The link to The New York Times Motherlode blog, How Not to Talk With Children About the Sandy Hook Shooting, by KJ Dell’Antonia, could not have come at a better time. It’s Sunday. I am thinking about school tomorrow, not only because of the big picture issues, but also because of the small, personal ones.
My seven-year-old knows nothing about the school shooting. What if a classmate brings it up? Will she feel more afraid because she’s hearing about it from a peer? Should I bring it up first?
This dilemma lives somewhere in my mind next to the other tugging thoughts- empathetic grief for the parents in Connecticut and sadness that until now a rational discussion of the impact of gun violence has been a polarizing issue filled with fear and deflection, instead of an opportunity for leadership.
My dear friend from high school wrote to me on Friday, wondering what I might be thinking about the events in Newtown, Connecticut. But it was her own Facebook post, borrowed from her cousin that I kept firmly in my mind that day. It was a quote from Mr. Rogers: "When I was a boy and I would see scary things in the news, my mother would say to me, 'Look for the helpers. You will always find people who are helping.' To this day, especially in times of "disaster", I remember my mother's words and I am always comforted by realizing that there are still so many helpers - so many caring people in the world."
Late Friday night, awake with a fever, my four-year-old hopped into my bed and after some Motrin, slept the rest of the night snuggled up next to me. The first words out of her mouth on Saturday morning, when she woke up and looked at me were:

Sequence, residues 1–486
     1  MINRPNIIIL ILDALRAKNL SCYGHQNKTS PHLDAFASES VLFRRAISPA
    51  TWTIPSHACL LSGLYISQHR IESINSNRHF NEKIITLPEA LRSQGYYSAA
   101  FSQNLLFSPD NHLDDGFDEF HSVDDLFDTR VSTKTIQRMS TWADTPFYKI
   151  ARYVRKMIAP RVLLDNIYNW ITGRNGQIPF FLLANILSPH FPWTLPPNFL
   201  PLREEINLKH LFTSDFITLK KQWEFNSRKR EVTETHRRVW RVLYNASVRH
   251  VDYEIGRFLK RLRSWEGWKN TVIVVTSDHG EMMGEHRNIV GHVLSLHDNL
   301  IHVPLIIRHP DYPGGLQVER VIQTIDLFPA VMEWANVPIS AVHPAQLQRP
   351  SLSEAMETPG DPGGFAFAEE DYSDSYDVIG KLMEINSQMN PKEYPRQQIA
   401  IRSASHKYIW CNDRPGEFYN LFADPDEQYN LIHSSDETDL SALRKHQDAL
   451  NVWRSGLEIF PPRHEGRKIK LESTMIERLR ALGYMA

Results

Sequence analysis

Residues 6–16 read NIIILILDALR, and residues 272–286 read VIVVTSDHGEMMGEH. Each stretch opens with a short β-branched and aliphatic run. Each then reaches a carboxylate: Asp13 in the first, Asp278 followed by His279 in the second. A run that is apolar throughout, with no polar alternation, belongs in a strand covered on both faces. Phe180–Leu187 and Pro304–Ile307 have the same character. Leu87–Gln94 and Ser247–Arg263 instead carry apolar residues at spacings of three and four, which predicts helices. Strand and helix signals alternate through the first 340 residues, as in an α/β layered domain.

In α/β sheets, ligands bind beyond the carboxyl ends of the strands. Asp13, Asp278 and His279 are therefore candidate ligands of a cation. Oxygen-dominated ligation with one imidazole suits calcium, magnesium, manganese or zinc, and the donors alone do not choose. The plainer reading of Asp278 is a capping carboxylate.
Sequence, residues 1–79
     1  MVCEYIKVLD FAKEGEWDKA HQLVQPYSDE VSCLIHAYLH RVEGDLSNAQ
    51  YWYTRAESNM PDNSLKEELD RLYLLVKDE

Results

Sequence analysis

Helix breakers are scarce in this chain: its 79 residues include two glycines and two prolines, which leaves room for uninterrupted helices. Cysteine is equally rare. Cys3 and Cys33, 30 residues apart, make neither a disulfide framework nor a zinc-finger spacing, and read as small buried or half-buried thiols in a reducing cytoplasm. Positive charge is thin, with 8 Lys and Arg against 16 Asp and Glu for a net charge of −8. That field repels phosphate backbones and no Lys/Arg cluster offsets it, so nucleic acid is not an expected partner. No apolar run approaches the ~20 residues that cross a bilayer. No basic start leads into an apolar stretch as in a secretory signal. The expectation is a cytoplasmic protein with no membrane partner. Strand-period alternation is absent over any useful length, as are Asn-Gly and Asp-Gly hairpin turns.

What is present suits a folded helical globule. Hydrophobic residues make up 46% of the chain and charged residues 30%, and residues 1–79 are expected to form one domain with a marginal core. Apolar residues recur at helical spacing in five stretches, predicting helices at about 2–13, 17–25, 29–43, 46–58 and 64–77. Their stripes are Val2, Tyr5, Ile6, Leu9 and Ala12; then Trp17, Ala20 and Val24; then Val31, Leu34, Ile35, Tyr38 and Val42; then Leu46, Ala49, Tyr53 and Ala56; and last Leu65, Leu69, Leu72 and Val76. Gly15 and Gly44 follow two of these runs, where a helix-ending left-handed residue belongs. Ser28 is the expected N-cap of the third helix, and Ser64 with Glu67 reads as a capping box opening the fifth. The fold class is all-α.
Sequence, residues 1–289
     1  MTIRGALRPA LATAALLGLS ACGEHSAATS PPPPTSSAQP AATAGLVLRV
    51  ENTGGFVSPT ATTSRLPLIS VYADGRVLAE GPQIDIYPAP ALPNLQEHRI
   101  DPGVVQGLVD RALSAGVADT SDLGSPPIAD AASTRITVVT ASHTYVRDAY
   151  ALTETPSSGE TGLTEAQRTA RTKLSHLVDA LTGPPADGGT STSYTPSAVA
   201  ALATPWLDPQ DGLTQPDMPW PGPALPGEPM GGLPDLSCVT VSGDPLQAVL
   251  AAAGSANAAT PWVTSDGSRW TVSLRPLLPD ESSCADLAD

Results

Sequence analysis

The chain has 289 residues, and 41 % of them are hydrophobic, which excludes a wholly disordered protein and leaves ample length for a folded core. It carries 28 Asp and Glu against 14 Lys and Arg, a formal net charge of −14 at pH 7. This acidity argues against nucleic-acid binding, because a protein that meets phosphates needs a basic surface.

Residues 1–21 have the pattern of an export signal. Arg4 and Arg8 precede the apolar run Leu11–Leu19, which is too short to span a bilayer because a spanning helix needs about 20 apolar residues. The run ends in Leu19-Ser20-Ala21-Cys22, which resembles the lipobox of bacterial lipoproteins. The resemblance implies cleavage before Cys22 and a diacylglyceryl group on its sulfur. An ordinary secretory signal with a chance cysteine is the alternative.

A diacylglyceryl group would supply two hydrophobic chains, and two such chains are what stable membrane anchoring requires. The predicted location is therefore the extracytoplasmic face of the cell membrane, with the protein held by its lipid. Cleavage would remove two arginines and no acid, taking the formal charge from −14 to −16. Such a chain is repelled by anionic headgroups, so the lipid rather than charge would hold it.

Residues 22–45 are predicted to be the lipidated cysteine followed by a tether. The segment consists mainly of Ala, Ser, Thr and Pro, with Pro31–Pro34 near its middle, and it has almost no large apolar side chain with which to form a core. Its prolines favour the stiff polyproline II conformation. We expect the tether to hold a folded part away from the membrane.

“I don’t want to be shot at school.”
We’d had no news coverage of the Sandy Hook shooting in our house: no TV, no radio, no newspaper. She hadn’t overheard a conversation.
Did she have a fever-induced nightmare? Did she absorb my worries, sleeping so close to me all night? Was she attuned to something spiritual hovering in the air? Or was she thinking of the kind of shot she gets from the doctor?
I don’t know.
But a seed of worry had been planted in her head. I tried to talk with her about it without confusing her thoughts with my own. I tried to listen to what she was expressing, instead of assuming it was what I was thinking. I am not sure I handled the conversation well. But since then I've read the Motherlode post, which offers concrete advice on, among other things, how not to talk about Sandy Hook.
How about you? Did you speak with your kids? Did they come to you with questions? What are your thoughts for tomorrow and the road ahead?